After three years as the Patriarch, Abune Merkorios was dethroned in 1991 under intense pressure by the Ethiopian People's Revolutionary Democratic Front (EPRDF) upon taking power in Ethiopia. It is unclear whether or not the Patriarch willingly abdicated at first or acted under duress, but when he made an effort to reverse this action, the Synod of the Ethiopian Orthodox Church stepped in and announced it had removed him, stating that his election had been under direction of the Communist government, and so his continued occupation of the Patriarchate was not legitimate. Abune Merkorios was accused of complicity during his tenure as Archbishop of Gondar, in the execution of a large number of deacons who were executed during the Derg regime by Governor Melaku Tefera, known as "the Butcher of Gondar". The deacons had refused to enlist in the local militia to fight against the Ethiopian Democratic Union that had gained a significant foothold in the province in the 1970s, and had sought sanctuary in churches in the city of Gondar. The previous Archbishop Abune Endrias. Shortly thereafter, Abune Endrias was retired and summoned to Addis Ababa upon the deposition of Patriarch Abune Tewophilos, and Abune Merkorios was appointed as Archbishop of Gondar to replace Abune Endrias. Abune Merkorios, who had a much more cordial relationship with Melaku Tefera, is alleged to have handed over the deacons to the governor's custody. The deacons were then brutally executed by being thrown over the cliffs at Lamalamo in northern Gondar province. Another charge leveled at the Patriarch was that he donated a significant financial gift from church coffers to the Derg government on the eve of the counter-offensive of the Derg regime in Tigray province that resulted in the massacre at Hawzen, which explained the intransigent opposition of the EPRDF government to the possibility of his restoration to the Patriarchal throne. Although these allegations have been made against the Patriarch, they have not been proven in court. Nor has the Patriarch Abune Merkorios demanded a hearing to clear himself; instead he retreated from further efforts to regain the Patriarchal throne.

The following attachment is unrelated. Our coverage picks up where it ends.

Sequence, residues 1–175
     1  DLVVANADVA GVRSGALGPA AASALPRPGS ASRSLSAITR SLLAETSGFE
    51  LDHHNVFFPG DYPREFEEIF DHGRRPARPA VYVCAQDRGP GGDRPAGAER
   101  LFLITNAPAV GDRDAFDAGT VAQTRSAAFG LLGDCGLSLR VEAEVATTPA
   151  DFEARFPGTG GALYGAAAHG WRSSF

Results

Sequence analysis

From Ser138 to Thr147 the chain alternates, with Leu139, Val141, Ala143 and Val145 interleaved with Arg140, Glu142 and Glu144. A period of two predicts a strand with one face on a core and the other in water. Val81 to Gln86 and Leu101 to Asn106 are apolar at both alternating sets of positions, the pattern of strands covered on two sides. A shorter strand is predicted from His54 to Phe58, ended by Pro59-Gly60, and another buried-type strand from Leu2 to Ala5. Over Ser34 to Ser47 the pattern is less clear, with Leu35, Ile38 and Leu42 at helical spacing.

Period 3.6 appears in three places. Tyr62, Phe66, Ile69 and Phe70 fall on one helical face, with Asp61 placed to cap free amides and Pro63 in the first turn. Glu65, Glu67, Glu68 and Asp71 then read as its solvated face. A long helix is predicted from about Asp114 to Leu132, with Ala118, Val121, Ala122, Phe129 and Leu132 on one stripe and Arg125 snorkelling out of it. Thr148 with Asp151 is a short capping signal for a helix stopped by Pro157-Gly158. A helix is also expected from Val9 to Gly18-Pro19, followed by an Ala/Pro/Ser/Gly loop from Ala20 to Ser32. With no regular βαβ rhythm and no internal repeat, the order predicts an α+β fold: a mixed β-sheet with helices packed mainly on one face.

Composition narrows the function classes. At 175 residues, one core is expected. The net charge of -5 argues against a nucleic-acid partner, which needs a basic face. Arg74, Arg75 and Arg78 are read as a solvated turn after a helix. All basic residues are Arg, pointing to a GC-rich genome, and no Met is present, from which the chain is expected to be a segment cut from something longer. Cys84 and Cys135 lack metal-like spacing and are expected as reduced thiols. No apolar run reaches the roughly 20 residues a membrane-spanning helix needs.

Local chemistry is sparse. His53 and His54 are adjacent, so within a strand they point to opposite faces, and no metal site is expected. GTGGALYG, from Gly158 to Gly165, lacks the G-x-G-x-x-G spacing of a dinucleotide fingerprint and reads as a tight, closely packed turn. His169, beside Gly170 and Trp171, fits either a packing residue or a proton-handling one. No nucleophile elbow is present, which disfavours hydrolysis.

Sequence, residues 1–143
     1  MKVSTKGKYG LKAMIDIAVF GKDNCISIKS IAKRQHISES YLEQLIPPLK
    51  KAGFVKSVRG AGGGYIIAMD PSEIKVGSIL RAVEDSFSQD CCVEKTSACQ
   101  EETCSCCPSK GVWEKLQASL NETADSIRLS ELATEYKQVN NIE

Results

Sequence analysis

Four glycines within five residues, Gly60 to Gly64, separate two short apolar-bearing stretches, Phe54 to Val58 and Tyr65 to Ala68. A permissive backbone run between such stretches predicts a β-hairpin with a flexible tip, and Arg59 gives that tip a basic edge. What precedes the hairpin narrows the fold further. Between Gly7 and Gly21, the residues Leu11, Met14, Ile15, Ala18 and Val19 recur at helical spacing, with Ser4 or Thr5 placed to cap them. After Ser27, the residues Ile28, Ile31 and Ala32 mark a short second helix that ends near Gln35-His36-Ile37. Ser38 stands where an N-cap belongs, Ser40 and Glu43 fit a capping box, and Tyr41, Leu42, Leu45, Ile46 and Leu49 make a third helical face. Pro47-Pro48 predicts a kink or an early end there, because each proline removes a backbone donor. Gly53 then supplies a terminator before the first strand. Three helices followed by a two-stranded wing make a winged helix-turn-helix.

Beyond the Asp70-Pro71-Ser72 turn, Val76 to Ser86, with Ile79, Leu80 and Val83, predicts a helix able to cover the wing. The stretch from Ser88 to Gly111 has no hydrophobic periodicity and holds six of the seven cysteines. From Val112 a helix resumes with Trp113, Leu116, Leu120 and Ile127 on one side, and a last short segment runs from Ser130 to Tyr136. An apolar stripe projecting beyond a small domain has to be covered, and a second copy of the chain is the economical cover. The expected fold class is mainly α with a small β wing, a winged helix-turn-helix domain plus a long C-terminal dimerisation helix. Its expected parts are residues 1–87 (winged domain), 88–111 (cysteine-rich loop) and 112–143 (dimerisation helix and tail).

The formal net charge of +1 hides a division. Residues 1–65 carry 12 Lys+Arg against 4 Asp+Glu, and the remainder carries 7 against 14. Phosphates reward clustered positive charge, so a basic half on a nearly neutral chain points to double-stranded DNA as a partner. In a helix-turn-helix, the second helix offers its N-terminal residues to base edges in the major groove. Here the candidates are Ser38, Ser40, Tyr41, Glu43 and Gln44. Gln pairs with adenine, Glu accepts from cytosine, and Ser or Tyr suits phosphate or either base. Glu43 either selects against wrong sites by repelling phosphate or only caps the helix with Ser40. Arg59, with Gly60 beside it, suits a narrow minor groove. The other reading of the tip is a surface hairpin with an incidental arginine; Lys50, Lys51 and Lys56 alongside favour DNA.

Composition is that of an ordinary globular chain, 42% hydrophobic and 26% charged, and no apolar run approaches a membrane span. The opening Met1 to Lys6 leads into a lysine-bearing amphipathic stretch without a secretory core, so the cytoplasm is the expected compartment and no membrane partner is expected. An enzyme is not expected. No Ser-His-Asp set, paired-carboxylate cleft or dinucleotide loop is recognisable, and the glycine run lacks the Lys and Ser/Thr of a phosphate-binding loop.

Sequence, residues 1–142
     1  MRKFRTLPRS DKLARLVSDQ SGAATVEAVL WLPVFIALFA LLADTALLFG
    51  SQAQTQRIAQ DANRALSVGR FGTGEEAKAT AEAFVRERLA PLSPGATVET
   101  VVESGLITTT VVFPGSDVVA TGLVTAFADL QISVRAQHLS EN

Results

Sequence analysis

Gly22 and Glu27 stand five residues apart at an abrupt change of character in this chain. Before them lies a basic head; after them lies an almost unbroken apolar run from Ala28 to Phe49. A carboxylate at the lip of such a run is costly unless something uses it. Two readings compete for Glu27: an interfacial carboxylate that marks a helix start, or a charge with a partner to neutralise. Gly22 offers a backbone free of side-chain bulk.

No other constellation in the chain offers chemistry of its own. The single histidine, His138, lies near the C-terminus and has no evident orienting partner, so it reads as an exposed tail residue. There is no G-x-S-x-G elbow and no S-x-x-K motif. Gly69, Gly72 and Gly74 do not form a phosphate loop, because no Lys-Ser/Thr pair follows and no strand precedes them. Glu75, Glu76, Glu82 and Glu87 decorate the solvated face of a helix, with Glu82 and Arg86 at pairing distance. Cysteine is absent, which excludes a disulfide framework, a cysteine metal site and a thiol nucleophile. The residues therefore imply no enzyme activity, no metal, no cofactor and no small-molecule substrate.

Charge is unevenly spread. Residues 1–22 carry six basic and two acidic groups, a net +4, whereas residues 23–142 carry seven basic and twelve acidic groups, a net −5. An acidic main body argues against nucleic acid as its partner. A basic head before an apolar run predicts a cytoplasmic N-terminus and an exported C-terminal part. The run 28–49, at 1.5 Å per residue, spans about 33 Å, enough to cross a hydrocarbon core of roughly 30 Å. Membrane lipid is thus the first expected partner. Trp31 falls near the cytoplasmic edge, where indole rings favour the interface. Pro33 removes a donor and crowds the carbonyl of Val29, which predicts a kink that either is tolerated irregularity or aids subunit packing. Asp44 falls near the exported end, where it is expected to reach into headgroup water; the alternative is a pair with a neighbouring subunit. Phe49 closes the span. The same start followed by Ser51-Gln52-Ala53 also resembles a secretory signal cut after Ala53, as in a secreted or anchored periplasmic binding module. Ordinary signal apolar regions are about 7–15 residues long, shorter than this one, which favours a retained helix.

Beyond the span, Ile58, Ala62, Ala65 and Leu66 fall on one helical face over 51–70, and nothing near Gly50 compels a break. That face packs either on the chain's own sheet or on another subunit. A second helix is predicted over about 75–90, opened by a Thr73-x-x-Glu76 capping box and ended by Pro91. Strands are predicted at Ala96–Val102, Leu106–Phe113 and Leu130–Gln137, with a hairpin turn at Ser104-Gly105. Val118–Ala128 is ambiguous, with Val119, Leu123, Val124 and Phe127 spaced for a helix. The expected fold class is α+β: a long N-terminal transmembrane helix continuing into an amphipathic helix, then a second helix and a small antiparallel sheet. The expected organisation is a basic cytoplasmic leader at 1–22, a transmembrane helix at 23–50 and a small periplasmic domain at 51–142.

A new Patriarcal election was authorized by the synod and Abune Paulos was elected. Allegations that both the removal of Abune Merkorios and the election of Abune Paulos were engineered by the EPRDF government would cloud both these events.